TR training in a cold garage

I like the cold that we get here, if its a bit too cold when I am on the trainer (pretty much anything below 10 or so) I start with a jacket or rain cape until I finish the warm up. Allows me to keep the fan on low and not pour sweat like the summers.

“Cold” is kind of relative, but I trained the last week in 40-50 degrees in the garage as the in-laws were in town and I had to give up the pain cave. I did my ramp test in mid-40s, and I don’t know if it affected me. I didn’t feel warm until several steps in, where normally I can warm up pretty quickly indoors. Still, by the time it mattered, I was plenty warm.

That said, it might’ve had a cognitive effect, as I felt slow and had a tough time focusing. I attribute that more to my sleep being off with the newborn than anything. I don’t think it increased my RPE; I usually get that effect when I’m too warm, rather than too cold.

It definitely had an effect on my breathing as the colder (for here), dry air left me with a little cough the rest of the day. I don’t think it affected the test, but maybe.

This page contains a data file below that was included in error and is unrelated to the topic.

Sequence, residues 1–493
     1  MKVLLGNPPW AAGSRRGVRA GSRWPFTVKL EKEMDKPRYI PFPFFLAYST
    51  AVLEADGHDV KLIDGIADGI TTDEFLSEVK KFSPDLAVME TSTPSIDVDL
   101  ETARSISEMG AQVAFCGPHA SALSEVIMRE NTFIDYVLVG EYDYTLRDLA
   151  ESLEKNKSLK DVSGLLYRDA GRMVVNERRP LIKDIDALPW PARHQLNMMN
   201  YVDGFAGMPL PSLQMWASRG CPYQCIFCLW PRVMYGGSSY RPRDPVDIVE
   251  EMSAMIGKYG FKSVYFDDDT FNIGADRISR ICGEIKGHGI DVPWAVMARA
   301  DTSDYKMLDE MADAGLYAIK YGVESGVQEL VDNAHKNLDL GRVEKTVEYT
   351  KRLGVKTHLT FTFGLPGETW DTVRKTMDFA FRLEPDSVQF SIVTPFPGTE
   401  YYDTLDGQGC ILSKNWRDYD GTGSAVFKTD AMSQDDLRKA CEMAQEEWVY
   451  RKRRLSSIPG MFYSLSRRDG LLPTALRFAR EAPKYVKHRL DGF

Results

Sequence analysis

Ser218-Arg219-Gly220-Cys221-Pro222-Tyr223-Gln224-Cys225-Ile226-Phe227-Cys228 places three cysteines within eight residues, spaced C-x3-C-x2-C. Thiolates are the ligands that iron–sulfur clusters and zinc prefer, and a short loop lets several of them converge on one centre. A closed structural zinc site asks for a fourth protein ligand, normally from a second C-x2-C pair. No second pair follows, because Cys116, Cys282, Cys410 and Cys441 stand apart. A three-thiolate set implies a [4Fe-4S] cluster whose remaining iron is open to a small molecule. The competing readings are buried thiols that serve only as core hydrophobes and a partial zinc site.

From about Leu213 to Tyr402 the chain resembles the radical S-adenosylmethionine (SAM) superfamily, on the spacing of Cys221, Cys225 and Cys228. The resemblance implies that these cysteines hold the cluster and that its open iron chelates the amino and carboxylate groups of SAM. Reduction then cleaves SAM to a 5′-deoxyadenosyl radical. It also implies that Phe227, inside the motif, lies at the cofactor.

When I was riding in the cold garage, I’d start with the fan off and some kind of t-shirt on, usually a long-sleeve tech T. Once warm, I’d start the fan (I have one of the remote controlled outlets) connecting the fan to the house power, and if that wasn’t enough I’d strip the shirt off as I do inside.

The rest of my garage rides were Endurance/Zone 2 rides as it was a recovery week, and I’ve been able to move back to the normal cave starting yesterday.

I’m a wimp, especially when it gets cold, but it’s all mental for me. The dread of a hard workout is compounded by having to go out to my cold garage. It isn’t very cold for some of you - in the 40s F last month, around 50 now. I don’t carry much fat, so it is easy to get chilled.

I sometimes don’t use the fan during endurance workouts, but for hard workouts I’ve trained myself to note when I start to break a sweat so I can turn on the fan by remote control. A little after the hard work arrives, my sweat rate has stabilized and the cold air from the fan isn’t so painful.

Clothing is bib-shorts, 2 base-layer (long-sleeved) shirts, a fleece jacket and a stocking cap. I shed the cap, jacket and shirts as I warm up.

In my previous life as a runner, I was used to much warmer workouts, even when it was below freezing outside. In those days I would regulate my temperature with my stocking cap - removing it or putting it on as needed. For long runs, I would carry it in my hand when it was off my head.

I don’t mind the cold. To be honest, it doesn’t stay cold for long once the intensity ramps up. I see it as conditioning for early season races.